Eleven players scored in the Crimson’s most balanced output of the season, with senior guard Laura Robinson and sophomore guard Lindsay Hallion leading the charge with 11 points a piece.
After an initial slow start, Harvard put together some of its finest team offense of the season, demonstrating flawless ball movement and stepping up the defensive pressure to create transition on offense.
“It was a team effort—a lot of fun,” Harvard co-captain Maureen McCaffery said. “Everybody came to play.”
The most impressive night might have belonged to sophomore Lauren Fried, a sparsely used reserve guard who scored seven points in seven minutes. Freshman forward Niki Finelli, continuing her recent hot streak, contributed eight points.
Senior co-captain Jessica Holsey saw her first action since the Ivy opener against Dartmouth on Jan. 7. Holsey, the Crimson’s returning leading scorer from last season, has been benched with various maladies, including an injury to her shooting hand and the lingering effects of a concussion incurred during intersession.
Holsey played just six minutes, but the brief flashes of her ability were enough to demonstrate just what Harvard had missed in the eight conference games the team played without her.
In those six minutes, Holsey amassed three big assists and a steal and was critical to the Crimson’s first-half turnaround.
“You can see what we’ve missed,” Delaney-Smith said. “If we had had her—she’s just big. She’s our marquee player that we’re missing. We’re a different team without her.”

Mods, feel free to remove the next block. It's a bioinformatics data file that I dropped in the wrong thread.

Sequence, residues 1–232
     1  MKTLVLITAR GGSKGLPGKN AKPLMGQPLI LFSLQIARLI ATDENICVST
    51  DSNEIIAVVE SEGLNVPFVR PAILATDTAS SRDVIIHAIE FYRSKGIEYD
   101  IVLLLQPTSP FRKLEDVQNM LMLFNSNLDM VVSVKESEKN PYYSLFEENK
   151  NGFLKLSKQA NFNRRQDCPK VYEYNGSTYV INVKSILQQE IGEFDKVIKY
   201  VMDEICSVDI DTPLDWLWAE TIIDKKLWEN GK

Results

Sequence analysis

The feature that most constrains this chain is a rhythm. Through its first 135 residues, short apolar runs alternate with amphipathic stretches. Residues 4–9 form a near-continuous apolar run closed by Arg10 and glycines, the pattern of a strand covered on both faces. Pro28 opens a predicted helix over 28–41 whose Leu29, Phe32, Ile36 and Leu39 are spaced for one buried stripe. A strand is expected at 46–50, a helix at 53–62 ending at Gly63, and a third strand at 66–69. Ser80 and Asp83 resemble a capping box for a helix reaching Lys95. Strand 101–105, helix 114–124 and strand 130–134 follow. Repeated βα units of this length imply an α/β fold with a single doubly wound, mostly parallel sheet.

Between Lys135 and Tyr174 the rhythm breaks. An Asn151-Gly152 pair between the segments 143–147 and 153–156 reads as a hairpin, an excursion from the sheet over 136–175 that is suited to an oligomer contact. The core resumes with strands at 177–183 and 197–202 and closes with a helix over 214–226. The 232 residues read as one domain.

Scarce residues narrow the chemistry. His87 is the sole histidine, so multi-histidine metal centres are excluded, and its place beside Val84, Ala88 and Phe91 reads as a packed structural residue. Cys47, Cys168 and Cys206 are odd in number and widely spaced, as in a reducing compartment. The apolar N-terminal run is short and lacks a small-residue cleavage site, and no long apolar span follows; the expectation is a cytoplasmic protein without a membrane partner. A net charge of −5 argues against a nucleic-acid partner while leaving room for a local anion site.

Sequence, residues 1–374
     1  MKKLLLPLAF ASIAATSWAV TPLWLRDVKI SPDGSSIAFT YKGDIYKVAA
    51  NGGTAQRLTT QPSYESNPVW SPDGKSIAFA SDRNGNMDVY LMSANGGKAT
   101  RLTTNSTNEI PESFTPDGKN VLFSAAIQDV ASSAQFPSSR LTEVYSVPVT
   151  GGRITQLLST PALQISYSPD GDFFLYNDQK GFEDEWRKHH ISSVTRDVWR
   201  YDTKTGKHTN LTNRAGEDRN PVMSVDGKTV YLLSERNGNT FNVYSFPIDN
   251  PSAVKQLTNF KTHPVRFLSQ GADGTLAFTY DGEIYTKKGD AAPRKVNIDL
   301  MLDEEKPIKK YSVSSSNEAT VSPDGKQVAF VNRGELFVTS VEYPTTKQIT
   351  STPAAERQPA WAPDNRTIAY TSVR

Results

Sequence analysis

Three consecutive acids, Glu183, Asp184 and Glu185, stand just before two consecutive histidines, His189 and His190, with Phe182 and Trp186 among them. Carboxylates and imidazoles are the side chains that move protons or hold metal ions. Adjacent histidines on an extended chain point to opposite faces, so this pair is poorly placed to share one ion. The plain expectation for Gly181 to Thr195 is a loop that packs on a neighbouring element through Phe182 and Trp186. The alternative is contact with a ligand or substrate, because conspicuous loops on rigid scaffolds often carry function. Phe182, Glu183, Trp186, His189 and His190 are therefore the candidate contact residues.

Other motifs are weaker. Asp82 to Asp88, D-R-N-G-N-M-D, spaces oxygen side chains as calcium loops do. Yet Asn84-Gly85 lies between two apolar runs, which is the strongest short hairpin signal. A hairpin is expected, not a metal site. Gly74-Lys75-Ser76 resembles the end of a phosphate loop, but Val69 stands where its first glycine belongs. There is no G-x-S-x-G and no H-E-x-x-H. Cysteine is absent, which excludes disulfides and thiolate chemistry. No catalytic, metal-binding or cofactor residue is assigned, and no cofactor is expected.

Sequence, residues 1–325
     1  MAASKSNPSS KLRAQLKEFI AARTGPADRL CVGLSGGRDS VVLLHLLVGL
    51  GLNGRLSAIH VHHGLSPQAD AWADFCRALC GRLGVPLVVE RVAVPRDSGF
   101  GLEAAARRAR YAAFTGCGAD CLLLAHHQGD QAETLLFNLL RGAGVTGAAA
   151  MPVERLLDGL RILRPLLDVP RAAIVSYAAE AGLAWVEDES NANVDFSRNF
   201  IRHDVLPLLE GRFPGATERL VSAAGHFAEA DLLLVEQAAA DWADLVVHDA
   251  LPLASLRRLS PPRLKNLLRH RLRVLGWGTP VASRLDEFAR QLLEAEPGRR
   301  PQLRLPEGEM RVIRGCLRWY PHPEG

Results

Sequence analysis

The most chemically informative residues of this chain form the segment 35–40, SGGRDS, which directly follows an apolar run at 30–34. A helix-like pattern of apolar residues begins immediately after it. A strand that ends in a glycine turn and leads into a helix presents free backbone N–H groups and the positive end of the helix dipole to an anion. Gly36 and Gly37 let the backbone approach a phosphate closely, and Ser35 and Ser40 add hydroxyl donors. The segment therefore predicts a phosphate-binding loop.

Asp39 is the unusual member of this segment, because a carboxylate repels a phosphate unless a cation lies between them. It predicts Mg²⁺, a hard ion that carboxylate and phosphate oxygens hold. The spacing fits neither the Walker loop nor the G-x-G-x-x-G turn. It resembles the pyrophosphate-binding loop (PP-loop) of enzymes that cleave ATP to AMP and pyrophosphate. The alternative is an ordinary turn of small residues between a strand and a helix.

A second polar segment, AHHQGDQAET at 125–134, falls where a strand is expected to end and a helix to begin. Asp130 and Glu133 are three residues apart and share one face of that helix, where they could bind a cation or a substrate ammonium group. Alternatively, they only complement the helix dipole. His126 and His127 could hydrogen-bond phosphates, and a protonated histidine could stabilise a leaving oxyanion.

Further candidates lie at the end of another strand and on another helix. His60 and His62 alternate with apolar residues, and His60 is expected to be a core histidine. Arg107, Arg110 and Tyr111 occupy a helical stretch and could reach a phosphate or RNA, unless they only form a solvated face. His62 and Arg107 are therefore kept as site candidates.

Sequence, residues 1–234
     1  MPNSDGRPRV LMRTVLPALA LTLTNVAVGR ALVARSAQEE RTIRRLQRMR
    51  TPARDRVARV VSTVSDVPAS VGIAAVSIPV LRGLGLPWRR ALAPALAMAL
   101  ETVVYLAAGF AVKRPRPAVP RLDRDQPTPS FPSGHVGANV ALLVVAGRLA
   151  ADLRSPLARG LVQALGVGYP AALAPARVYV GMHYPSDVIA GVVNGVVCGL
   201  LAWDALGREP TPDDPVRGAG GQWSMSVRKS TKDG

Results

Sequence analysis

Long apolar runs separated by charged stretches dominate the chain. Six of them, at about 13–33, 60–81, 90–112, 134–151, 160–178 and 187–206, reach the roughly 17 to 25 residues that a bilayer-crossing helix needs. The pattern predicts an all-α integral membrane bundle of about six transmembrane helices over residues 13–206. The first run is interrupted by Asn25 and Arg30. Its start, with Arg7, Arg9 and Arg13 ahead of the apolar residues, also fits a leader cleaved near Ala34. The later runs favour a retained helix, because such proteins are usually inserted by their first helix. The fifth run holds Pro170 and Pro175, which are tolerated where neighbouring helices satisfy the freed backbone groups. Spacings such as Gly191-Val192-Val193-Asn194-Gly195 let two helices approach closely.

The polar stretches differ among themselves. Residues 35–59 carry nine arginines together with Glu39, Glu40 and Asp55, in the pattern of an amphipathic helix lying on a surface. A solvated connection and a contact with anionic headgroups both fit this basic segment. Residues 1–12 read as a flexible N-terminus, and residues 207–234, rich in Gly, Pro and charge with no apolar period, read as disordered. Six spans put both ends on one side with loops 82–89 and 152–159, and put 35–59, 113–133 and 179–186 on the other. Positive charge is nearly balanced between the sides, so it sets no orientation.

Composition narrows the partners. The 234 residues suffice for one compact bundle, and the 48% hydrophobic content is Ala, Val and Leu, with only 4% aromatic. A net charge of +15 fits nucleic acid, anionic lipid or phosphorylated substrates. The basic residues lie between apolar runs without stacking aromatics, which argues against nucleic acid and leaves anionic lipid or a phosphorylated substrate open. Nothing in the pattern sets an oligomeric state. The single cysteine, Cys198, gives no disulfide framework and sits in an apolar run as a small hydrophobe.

A LACKNER SHOWDOWN
Harvard junior forward Christiana Lackner is always aggressive on the glass, but the Pittsburgh, Penn., native had more incentive to crash the glass against the Quakers on Friday.
Lackner’s sister, Katarina, is a freshman forward at Penn, and the two squared off on the low block throughout the game on Friday.
The younger Lackner hit double digits with 10 points, but the elder and scrappier Christiana was in typical form in the rebounding column, ripping down three offensive rebounds and totaling seven, besting her sister’s three boards.
Harvard’s home contest with Penn began in a fashion that was almost eerily identical to that displayed in the teams’ showdown in Philadelphia, when the Quakers sprinted out to an early lead on hot shooting beyond the arc.
Penn guard Joey Rhoads nailed four three-pointers within the game’s first nine minutes, including two back-to-back, to turn a 2-2 game into an 8-2 Penn lead. In Philadelphia, the Quakers’ Monica Naltner hit three early three-pointers to put Penn up eight early.
But just as Penn built early leads behind hot shooting from the perimeter, so too did the lead evaporate both times when the Quakers turned cold. After Rhoads’ four threes, Penn went 0-of-14 for the rest of the half. In the second frame, the Quakers were just 2-of-13 from beyond the arc.
“They aren’t a good outside shooting team,” Delaney-Smith said. “[In Philadelphia], they hit out of their mind things that were not in the scouting report. They can take the three but their statistics don’t lead you to be nervous about their three.”
A DIFFERENT TAKE ON THINGS
This season marks the first time in a while that Harvard has been out of the Ivy Title hunt with two weeks remaining in the season. The Crimson has won two of the last three titles and finished in a tie for second in 2003-04, but the deadly Ivy League split—Harvard has swept just one weekend during the conference schedule—will keep the Crimson out of contention for the crown.
“I’m not quite used to this,” Delaney-Smith said. “I really haven’t had very many years where we weren’t in the title hunt. It’s very odd to me. We’ve never been out of it this early, and it makes me hungrier for next year.”
—Staff writer Aidan E. Tait can be reached at firstname.lastname@example.org.